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Johnson County Middle School seal conference win

It was a big night for the Johnson County Middle School football team. Having narrowly bested local rivals the Hampton Bulldogs just the week before, the two teams were back on the field for an even bigger matchup to determine the Little Watauga Conference Championship. The Longhorns had a lot on the line. Not only would the win seal the team’s third championship title in four years, but would also mark the first time in nearly a decade that a Johnson County team could claim a near perfect 9-0 season.
The odds seemed to be in the Longhorns’ favor. Not only was the game held on familiar home turf, Johnson County was also able to claim a nearly full roster, welcoming back Bud Icenhour who had been facing a lengthy absence on the injured list. “Having Bud Icenhour on the field not just affected their team, but also affected our guys,” said Head Coach Matthew Bray. “He’s one of their leaders and having him back made them feel more comfortable. He’s very strong on defense and on offense. I can’t say enough about having him on the field in this game. It did have an effect.”
Icenhour did play a strong game, coming out with a huge punt return, several strong carries, blocks, and stops, and a touchdown plus two-point conversion in the third quarter. Even more amazing, this was the first game that the eighth grader had played in for nearly two months, making an intense game that much more critical.
“I was out for seven weeks with a knee injury,” Icenhour said. “I felt like I was under pressure because it is the first game back and the biggest game of the year, but I was ready to play and help my boys get it done. It was the most important game, and I think I did pretty good. I just try to get the ball and try to do something with it. When I get the ball in my hands it’s just do what I do.”
Yet as strong of a performance as Bud had, he was just one part of what proved to be a pool of extremely talented athletes. Players like running back Gage Hampton and quarterback Nathan Arnold drove the offense while others including Will Kerley and Hayden Osborne shut down the Bulldogs on the defense.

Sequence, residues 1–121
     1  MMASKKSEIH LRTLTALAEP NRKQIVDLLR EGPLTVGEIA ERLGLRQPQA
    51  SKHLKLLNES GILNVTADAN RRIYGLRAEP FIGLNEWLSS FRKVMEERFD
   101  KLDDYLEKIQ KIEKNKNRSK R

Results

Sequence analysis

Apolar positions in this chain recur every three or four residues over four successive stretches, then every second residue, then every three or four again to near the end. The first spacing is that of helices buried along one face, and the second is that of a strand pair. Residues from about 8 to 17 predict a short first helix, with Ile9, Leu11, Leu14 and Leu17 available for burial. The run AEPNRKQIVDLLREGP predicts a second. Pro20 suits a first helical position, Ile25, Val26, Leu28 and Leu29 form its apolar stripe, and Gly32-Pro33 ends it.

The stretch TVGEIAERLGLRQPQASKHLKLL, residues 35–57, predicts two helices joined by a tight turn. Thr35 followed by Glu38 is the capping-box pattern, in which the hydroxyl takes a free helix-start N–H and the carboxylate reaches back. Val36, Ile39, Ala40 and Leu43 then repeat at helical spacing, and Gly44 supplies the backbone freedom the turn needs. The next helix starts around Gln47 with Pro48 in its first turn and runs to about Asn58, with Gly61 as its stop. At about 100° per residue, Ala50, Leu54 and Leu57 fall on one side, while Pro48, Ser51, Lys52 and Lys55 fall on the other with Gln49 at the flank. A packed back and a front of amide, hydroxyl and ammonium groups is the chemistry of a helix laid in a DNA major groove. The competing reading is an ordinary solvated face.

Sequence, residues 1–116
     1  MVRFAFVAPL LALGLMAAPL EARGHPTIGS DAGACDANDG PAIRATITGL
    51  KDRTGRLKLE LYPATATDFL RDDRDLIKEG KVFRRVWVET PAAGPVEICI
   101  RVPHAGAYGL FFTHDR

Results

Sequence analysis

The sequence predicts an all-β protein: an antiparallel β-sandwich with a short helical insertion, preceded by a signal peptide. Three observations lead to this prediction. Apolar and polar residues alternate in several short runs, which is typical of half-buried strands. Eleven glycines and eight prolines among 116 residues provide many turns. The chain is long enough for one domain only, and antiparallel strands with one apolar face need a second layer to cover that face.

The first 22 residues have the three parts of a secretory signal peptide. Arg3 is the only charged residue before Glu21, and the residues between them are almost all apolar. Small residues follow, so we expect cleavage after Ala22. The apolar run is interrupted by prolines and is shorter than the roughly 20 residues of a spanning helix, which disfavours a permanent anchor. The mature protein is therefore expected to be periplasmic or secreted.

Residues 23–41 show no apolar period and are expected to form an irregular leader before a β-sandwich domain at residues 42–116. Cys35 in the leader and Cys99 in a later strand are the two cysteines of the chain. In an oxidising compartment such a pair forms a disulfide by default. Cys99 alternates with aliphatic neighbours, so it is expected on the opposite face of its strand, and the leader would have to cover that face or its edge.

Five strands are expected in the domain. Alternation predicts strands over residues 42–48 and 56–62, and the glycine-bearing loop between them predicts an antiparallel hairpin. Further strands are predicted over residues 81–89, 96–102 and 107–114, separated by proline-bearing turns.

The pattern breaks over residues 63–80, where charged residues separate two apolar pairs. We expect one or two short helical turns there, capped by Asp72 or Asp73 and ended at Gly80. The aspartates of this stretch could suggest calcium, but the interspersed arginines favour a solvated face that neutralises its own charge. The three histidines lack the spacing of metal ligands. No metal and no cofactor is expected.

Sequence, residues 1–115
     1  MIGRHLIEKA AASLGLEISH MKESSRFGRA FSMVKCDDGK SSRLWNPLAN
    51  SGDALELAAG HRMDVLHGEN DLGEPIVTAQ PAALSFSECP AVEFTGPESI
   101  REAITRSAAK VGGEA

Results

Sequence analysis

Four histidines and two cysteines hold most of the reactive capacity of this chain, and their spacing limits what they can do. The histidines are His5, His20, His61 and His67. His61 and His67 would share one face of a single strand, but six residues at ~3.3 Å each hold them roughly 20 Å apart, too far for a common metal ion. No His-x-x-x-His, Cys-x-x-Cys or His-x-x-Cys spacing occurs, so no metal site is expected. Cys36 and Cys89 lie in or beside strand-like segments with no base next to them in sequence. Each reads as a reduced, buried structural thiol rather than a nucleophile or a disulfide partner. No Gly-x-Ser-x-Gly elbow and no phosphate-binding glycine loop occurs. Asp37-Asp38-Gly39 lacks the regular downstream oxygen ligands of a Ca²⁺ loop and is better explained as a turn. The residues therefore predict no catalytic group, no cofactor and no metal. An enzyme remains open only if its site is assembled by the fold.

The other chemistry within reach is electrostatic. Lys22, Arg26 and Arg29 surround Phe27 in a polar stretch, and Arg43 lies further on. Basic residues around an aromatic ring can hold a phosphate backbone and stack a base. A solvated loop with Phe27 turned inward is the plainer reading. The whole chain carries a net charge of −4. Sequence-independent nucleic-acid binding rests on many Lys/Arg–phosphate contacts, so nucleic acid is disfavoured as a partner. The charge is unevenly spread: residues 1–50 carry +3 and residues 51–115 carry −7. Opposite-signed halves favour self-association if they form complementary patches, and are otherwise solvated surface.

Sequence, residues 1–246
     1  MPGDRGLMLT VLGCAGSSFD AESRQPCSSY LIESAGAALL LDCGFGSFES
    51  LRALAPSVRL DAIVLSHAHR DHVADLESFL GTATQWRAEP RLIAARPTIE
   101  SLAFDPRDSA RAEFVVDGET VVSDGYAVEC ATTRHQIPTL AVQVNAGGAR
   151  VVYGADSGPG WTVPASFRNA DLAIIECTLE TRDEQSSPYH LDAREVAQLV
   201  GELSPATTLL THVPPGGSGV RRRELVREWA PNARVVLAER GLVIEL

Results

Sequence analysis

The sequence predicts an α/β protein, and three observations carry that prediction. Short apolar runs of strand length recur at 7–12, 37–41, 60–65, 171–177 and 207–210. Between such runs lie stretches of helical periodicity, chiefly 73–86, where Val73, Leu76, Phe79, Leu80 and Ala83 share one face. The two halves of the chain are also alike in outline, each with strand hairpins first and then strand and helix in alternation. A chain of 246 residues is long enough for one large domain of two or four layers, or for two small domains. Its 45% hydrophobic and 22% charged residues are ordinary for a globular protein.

“We basically went back to what we do best, and that’s just straight at you football,” said Coach Bray. “We didn’t try to do finesse. We went power and it worked for us. We also made some adjustments from last week’s game and I think those paid off as well.”
The duo of Arnold and Hampton worked extremely well on the carry, with Gage going on to claim well over 100 yards overall and 88 just in the second half. In fact, the Longhorns had prepared so well for Hampton that they took control of the game from the very beginning and didn’t let up until the final win was theirs. Along with Gage, Kyman Matherly had an equally big night, running in Johnson County’s first touchdown of the evening late in the first quarter with two minutes still on the clock. As they did the whole game, the Longhorns opted for the two-point conversion, racking up the extra points 8-0.
The Bulldogs didn’t make it to the championship without reason however, and their notorious defense began to do its part in the second quarter. The Longhorns’ defense proved just as tough, with Will Kerley making a big impact after landing three separate sacks on Hampton’s quarterback. Regardless, both teams slugged it out up and down the field, and despite huge breakouts including a 51-yard run from Josh Herman, neither side scored again until after the half.